Stinky and stinkier
Posted by aogFriday, 30 January 2009 at 19:01 TrackBack Ping URL

In InstapunditAnn AlthouseThe Daily Beast is the quote from an unnamed Republican about President Obama pushing the Porkalooza —

he didn’t convince anyone. After he left, we looked at each other, and said, “How can they stick him with this garbage?”

Why not? Much of the American Street will simply not vote for Republicans just “because”, regardless of actual policies or the effects of those policies. Beyond that, much of the GOP has become part of the old style Democratic Party ruling class which means there’s not much alternative. So why worry about whether the plan Obama is peddling makes any sense?

Comments — Formatting by Textile
David Cohen Friday, 30 January 2009 at 21:27

The more I see of the “stimulus,” the more disastrous it looks.

Annoying Old Guy Friday, 30 January 2009 at 21:59

Gosh, I hate to lose a chance to do some President Obama bashing, but really — isn’t this what I and so many other critics have said since before the election? That Obama has his problems but the real push into the death spiral was going to be the unleashed looting of a Congress strongly controlled by the Democratic Party? How much of the junk in the bill is actually from Obama, and how much for Democratic Party Congress Critters? About 5% to 95%? And to hear House Speaker Pelosi defending stimulus spending on contraceptives and STD prevention programs — not even Obama went there.

erp Saturday, 31 January 2009 at 08:44

AOG, it doesn’t matter. Obama is the face of the Democratic party. If he objects to things in the stimulus, it’s his obligation to the people to speak up against it.

Annoying Old Guy Saturday, 31 January 2009 at 09:51

I am not claiming Obama objects to any of it, just that he would not have put most of it in. Just like it was wrong to blame former President Bush for everything that happened at the federal level over the last 8 years, Obama may be politically responsible but we (hopefully) can look deeper than that.

I also wanted to note just how badly Obama got rolled on this. First Pelosi totally stiffs the Republicans, which is also an action that was strongly disrespective of Obama as he tried to get GOP votes. Then the GOP stiffed him. We are left with a President who is apparently great at appearing charming but not actually charming.

pj Saturday, 31 January 2009 at 09:51

Obama will rival George W. Bush in the infrequency of his vetoes. Nancy is his only friend, at least until the dog arrives.

David Cohen Saturday, 31 January 2009 at 10:54

AOG: I’m pretty sure that I said that, too. I think that Obama is without strong conviction, very thin-skinned, and came up through the Chicago machine as a go-along-to-get-along guy. I don’t blame him for much of what’s in the bill, but I don’t think he’s going to do anything about it. Realistically, what can he do? He’s not going to veto his own stimulus package and any threat to do so would be laughable. Our only hope is the Senate, which is to say, there’s no hope.

Harry Eagar Saturday, 31 January 2009 at 13:06

I predict the package will be 819/160ths as effective as Bush’s stimulus package. If Obama’s package should return even 1% of its outlay, it will be better than Bush’s.

David Cohen Saturday, 31 January 2009 at 14:19

What Bush stimulus package do you mean? The incredibly effective one he rammed through Congress in 2001-2002, or the nonexistent one passed in his last month in office?

Annoying Old Guy Saturday, 31 January 2009 at 14:31

Beyond that, I don’t understand the logic at all. Because Bush engineered a loser of a stimulus package, it’s a good thing that Obama is thrown even more money down the rat hole? I think the better claim would be that the current effort will be 819/160 times as stupid. Mr. Eagar reminds of the apocryphal wife who comes home with some extravagant purchase and says “see, I saved enough money on this purchase to cover the cost of my last one!”.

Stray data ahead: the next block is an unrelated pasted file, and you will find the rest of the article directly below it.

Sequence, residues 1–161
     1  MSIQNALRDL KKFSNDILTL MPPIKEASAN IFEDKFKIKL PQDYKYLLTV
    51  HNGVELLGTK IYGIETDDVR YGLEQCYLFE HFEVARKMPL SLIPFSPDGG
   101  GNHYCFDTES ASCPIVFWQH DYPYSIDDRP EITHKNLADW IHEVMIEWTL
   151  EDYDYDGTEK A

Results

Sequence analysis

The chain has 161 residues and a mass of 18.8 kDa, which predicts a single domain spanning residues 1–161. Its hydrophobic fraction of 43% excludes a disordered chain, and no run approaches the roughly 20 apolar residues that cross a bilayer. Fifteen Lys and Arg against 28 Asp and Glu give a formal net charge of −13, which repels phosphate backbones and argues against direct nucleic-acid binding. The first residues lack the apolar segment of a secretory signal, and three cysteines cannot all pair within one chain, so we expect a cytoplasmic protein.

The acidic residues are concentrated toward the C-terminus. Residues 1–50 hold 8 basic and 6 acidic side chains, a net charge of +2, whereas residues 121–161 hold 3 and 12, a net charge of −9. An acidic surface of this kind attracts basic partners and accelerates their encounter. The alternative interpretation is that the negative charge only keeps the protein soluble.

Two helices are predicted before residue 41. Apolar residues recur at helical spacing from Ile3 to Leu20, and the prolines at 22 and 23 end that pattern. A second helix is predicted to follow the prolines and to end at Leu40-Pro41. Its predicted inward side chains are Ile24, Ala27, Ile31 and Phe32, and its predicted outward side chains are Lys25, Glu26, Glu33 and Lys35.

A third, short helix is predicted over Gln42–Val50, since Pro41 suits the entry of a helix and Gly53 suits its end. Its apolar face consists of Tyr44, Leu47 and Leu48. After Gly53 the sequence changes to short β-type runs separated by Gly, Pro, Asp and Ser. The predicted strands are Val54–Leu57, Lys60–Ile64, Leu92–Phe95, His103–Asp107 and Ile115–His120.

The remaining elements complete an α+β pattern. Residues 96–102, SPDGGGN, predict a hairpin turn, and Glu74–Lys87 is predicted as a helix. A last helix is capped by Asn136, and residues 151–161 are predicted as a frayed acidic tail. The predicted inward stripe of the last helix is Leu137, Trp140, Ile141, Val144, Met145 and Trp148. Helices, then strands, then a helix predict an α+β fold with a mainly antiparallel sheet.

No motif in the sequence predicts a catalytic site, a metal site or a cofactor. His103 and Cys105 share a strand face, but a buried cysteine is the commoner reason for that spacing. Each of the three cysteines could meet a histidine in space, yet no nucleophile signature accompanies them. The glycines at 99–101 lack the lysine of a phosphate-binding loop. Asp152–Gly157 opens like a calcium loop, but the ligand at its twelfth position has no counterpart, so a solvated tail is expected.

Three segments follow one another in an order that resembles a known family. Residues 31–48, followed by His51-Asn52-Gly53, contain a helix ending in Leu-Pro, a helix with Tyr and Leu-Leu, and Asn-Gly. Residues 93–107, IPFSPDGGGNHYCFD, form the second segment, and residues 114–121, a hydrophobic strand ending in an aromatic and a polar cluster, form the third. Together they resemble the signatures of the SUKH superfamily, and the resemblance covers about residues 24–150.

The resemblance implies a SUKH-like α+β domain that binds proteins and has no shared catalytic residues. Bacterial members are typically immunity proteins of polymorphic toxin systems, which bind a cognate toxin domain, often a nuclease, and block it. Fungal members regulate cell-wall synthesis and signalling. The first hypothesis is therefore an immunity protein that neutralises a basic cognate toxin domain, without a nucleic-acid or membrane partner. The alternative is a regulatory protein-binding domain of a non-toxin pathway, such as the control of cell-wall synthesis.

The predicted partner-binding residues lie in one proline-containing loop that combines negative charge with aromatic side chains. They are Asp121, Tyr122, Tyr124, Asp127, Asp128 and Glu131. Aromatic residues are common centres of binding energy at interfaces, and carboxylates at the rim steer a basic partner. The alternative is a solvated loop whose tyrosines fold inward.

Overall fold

Harry Eagar Saturday, 31 January 2009 at 23:20

David, I mean the $600 per taxpayer gift back in May.

Guy, I haven’t said the Obama package is good (except that catching up on deferred maintenance is generally to be applauded).

There is no logic. Nobody knows what to do, although I would propose getting rid of the managers of all the banks, large industrial firms etc. Replace ‘em with anybody. The rumdums at the DT ward down at the county hospital couldn’t do any worse, although that would not be the very first place I would look for replacements.

Annoying Old Guy Sunday, 01 February 2009 at 15:25

I haven’t said the Obama package is good

Yet you go on the attack if we claim otherwise. Your actions belie your claim.

Nobody knows what to do

Then perhaps doing nothing is the best choice.

Harry Eagar Sunday, 01 February 2009 at 19:12

We know for certain the Republicans are wrong. They’ve proved that. They haven’t critiqued Obama to any extent, they just bleat ‘reduce taxes’ like those horrible announcers in airport bathrooms.

We know for certain that reducing taxes won’t help. Been there, done that, crashed the market.

Nothing may in the end be the best choice. But the voters did not elect Obama to do nothing.

Welcome to democracy.

Bret Sunday, 01 February 2009 at 21:40

Harry Eagar wrote: “We know for certain that reducing taxes won’t help.

We do? How? How and when did reducing taxes crash the market?

Annoying Old Guy Monday, 02 February 2009 at 08:59

Bret, Bret, Bret; reducing taxes is a Republican policy, therefore it is wrong and at the root of our economic troubles. Pay not attention to any obviously biased and partisan voices which claim otherwise. Pay no attention to the historical record of how many states and nations have revived their economies by tax cutting.

Annoying Old Guy Monday, 02 February 2009 at 09:34

More contrary thoughts on letting successful businesses keep more of their profits vs. having the government spend it.

Harry Eagar Monday, 02 February 2009 at 11:53

You mean Bank of America and AIG aren’t profitable producers?

We know lowering taxes doesn’t prevent crashes because the two whopper crashes were both preceded by great tax lowering frenzies.

Hey Skipper Monday, 02 February 2009 at 12:40

We know lowering taxes doesn’t prevent crashes because the two whopper crashes were both preceded by great tax lowering frenzies.

Now that is a championship caliber case of post hoc reasoning.

Annoying Old Guy Monday, 02 February 2009 at 14:01

Mr. Eagar;